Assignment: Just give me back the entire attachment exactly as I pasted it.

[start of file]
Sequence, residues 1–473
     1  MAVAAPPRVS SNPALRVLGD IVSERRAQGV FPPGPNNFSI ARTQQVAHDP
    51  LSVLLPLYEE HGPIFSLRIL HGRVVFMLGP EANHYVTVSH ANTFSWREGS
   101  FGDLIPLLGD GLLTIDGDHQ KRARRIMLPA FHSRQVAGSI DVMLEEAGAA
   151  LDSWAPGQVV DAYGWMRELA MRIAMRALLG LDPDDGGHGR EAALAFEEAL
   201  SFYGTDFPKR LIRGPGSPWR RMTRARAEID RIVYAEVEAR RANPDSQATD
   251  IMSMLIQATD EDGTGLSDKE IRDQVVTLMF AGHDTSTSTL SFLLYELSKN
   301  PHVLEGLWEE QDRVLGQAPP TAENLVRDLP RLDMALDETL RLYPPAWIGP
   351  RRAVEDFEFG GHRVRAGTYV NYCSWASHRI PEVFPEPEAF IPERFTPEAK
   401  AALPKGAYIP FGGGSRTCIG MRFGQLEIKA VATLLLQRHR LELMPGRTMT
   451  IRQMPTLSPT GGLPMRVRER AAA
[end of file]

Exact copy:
Sequence, residues 1–473
     1  MAVAAPPRVS SNPALRVLGD IVSERRAQGV FPPGPNNFSI ARTQQVAHDP
    51  LSVLLPLYEE HGPIFSLRIL HGRVVFMLGP EANHYVTVSH ANTFSWREGS
   101  FGDLIPLLGD GLLTIDGDHQ KRARRIMLPA FHSRQVAGSI DVMLEEAGAA
   151  LDSWAPGQVV DAYGWMRELA MRIAMRALLG LDPDDGGHGR EAALAFEEAL
   201  SFYGTDFPKR LIRGPGSPWR RMTRARAEID RIVYAEVEAR RANPDSQATD
   251  IMSMLIQATD EDGTGLSDKE IRDQVVTLMF AGHDTSTSTL SFLLYELSKN
   301  PHVLEGLWEE QDRVLGQAPP TAENLVRDLP RLDMALDETL RLYPPAWIGP
   351  RRAVEDFEFG GHRVRAGTYV NYCSWASHRI PEVFPEPEAF IPERFTPEAK
   401  AALPKGAYIP FGGGSRTCIG MRFGQLEIKA VATLLLQRHR LELMPGRTMT
   451  IRQMPTLSPT GGLPMRVRER AAA